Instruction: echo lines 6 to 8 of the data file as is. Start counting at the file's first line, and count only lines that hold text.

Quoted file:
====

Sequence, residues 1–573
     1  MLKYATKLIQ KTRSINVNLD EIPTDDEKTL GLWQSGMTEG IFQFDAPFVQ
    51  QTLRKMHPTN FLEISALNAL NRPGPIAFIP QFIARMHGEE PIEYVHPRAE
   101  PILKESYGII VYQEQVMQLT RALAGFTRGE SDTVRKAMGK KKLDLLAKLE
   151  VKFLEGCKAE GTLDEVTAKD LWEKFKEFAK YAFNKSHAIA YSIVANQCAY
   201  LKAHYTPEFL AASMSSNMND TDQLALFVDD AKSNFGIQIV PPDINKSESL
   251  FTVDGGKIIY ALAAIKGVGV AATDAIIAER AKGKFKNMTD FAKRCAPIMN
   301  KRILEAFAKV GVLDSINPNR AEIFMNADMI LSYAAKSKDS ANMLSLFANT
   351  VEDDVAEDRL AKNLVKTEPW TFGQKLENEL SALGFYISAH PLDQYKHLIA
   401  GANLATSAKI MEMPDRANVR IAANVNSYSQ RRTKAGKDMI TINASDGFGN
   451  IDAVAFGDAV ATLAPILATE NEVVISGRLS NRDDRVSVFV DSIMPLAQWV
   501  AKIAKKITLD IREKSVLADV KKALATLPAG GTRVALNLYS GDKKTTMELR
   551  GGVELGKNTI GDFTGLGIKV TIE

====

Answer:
   201  LKAHYTPEFL AASMSSNMND TDQLALFVDD AKSNFGIQIV PPDINKSESL
   251  FTVDGGKIIY ALAAIKGVGV AATDAIIAER AKGKFKNMTD FAKRCAPIMN
   301  KRILEAFAKV GVLDSINPNR AEIFMNADMI LSYAAKSKDS ANMLSLFANT